The International Whaling Commission (IWC) has issued an unprecedented “extinction alert,” marking a historic moment in its 70-year history. This alert is a dire warning about the impending peril faced by the vaquita, the world’s smallest and most critically endangered marine mammal.

Recent research has revealed a harrowing statistic: there are now just 10 vaquita individuals left in the world. These small porpoises are exclusive to the Gulf of California in Mexico, and their plight stems from a lethal threat – entanglement in fishing nets known as “gillnets.” These gillnets, once legal but now banned in the region, have pushed the vaquita to the brink of extinction.

The scientific committee of the IWC expressed profound concerns regarding the vaquita’s survival and issued this alert to emphasize the urgent actions required to rescue the species. It stated that the extinction of the vaquita is virtually inevitable unless all gillnets are replaced with alternative fishing gear that can protect both the porpoise and the livelihoods of local fishermen.

“If this doesn’t happen now, it will be too late,” it said.

Dr Lindsay Porter, the vice-chair of the IWC’s scientific committee said: “We wanted, with the extinction alert, to send the message to a wider audience and for everyone to understand how serious this is.”

The vaquita, measuring approximately 1.2-1.5 meters, frequently becomes ensnared in gillnets, which are flat fishing nets suspended vertically in the water. Poachers employ these nets to target the totoaba, an endangered fish highly sought after for its swim bladder, which holds considerable value in Chinese medicine and fetches substantial profits on the black market in China and Hong Kong. During the surge in totoaba trade, the vaquita’s population has plummeted dramatically, dropping from 567 individuals to just 10 over the past decade.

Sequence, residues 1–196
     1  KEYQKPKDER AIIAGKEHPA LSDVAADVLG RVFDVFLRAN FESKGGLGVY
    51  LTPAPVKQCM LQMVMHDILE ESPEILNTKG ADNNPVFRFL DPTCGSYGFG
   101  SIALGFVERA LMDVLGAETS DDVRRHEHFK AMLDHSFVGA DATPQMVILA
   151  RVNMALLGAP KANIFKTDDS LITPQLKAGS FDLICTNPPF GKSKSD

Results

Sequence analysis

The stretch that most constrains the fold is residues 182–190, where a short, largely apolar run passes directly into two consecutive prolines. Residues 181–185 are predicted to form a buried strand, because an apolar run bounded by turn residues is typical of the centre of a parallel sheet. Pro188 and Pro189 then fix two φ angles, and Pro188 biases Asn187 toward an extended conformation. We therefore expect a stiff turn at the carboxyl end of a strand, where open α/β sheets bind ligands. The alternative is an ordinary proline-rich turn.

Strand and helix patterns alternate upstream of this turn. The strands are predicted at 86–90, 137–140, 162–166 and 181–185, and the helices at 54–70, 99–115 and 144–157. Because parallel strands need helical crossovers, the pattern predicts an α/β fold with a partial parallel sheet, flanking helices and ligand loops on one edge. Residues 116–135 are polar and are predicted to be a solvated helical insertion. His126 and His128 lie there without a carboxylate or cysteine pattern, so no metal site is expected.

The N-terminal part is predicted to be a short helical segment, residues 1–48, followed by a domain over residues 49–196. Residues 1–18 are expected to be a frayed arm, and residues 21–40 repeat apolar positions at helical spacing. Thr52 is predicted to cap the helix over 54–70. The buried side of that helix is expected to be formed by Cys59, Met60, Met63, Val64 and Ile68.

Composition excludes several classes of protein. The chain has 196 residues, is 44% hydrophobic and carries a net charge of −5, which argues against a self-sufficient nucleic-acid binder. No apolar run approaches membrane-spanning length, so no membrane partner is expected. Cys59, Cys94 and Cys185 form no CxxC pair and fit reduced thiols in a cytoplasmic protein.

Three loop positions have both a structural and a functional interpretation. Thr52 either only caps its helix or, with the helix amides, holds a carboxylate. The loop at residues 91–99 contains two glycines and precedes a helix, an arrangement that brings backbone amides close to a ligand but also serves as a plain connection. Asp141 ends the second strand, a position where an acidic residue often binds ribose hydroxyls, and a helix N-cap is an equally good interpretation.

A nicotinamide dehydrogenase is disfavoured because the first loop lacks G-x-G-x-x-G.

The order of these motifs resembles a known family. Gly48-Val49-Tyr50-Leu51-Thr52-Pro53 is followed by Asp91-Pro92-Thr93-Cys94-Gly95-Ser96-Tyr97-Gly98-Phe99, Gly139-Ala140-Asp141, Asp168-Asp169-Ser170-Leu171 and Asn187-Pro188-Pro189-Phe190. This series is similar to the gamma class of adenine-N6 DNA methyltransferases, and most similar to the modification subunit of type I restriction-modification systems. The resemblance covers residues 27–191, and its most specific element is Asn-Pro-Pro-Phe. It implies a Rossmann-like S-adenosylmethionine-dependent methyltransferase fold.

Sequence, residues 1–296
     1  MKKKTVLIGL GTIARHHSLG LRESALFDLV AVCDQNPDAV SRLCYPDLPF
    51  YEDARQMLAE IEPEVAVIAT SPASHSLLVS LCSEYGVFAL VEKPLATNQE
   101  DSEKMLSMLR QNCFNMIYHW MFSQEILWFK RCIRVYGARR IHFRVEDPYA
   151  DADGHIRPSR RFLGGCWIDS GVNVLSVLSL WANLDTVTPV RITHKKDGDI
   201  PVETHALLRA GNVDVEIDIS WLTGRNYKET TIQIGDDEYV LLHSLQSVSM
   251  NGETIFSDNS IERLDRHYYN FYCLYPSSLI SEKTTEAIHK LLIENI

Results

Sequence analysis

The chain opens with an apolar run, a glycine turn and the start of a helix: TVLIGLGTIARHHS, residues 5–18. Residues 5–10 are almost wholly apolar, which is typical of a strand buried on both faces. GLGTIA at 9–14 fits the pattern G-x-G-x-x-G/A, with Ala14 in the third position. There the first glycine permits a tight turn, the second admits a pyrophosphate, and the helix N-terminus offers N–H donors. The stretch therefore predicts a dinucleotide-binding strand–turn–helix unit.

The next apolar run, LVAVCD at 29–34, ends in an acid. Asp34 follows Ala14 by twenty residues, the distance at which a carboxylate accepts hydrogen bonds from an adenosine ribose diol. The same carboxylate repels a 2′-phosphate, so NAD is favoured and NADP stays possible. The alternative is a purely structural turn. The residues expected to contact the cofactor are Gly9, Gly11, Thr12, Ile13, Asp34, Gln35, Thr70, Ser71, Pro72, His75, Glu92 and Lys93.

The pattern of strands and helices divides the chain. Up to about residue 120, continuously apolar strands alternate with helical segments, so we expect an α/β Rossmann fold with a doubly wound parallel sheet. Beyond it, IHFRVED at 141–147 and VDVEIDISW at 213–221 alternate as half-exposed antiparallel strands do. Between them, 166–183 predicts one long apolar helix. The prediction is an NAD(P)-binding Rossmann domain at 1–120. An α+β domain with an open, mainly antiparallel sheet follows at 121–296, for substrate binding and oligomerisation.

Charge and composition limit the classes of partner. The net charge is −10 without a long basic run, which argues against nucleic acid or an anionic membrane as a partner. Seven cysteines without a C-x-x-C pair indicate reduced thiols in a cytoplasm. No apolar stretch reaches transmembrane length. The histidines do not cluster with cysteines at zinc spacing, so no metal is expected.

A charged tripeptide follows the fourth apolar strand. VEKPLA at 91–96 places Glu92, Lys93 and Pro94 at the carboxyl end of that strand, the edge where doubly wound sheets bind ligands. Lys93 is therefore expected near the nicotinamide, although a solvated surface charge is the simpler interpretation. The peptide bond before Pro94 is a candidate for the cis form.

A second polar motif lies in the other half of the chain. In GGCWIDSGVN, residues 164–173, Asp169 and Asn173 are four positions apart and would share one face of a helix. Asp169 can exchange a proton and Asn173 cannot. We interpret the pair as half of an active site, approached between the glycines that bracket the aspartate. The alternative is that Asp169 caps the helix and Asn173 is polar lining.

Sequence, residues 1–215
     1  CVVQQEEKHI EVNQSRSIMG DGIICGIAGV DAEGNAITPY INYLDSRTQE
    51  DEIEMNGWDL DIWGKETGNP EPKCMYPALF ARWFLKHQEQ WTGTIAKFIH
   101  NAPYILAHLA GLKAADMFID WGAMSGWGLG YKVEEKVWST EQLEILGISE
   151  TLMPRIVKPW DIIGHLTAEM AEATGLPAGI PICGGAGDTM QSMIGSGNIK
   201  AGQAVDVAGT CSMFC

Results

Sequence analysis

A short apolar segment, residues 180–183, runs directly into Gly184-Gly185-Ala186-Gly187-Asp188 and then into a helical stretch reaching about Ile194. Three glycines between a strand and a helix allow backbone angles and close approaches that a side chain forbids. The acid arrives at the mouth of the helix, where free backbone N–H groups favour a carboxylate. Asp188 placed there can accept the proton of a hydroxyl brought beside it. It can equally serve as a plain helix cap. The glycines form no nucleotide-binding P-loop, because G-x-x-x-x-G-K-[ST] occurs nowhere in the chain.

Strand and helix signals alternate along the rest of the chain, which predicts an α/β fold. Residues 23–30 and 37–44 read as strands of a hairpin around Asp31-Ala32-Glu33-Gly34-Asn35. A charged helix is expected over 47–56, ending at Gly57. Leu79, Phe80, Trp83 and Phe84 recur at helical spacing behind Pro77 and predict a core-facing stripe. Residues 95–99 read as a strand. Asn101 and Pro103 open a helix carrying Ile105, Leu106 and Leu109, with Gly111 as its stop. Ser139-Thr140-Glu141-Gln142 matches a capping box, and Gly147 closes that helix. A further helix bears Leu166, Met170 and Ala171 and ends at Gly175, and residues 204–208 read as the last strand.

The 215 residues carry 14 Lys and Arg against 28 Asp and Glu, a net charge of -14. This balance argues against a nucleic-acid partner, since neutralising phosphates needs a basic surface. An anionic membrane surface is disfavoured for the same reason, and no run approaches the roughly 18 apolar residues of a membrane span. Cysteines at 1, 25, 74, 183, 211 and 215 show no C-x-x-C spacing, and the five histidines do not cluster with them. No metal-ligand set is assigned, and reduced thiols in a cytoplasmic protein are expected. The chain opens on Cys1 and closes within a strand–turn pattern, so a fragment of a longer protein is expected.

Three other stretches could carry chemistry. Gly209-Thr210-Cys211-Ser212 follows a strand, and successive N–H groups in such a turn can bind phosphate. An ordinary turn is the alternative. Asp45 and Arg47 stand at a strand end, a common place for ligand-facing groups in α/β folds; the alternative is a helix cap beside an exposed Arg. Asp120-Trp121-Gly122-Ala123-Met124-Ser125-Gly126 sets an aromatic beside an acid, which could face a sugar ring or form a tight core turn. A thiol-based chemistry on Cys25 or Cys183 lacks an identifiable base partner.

In 2022, the Mexican navy, in collaboration with government agencies, took steps to deter illegal gillnet fishing and safeguard the vaquita. They placed concrete blocks in a designated “zero tolerance area” and intensified enforcement efforts. However, there is evidence that illegal fishing activity has shifted to the outskirts of this zone, creating new challenges.

The committee, comprised of 200 eminent scientists, acknowledged that the deterrent structures showed promise but required ongoing monitoring. The involvement of organized crime in the totoaba fishery and the difficulties in enforcing fishing regulations at sea pose formidable obstacles to conservation efforts.

On a somewhat hopeful note, there is evidence that the vaquita species is not yet doomed. In the past year, at least one baby vaquita has been spotted, a sign that some individuals remain healthy and capable of reproduction.

“There is at least one brand new baby vaquita” said Porter. “They haven’t stopped breeding. If we can take away this one pressure, the population may recover. We can’t stop now.”

Nevertheless, the broader issue of bycatch, or unintentional capture of non-target species, continues to cast a dark shadow over marine life. It is estimated that bycatch is responsible for the deaths of approximately 300,000 whales, dolphins, and porpoises annually, underscoring the urgency of addressing this pervasive problem to protect the world’s precious marine biodiversity.



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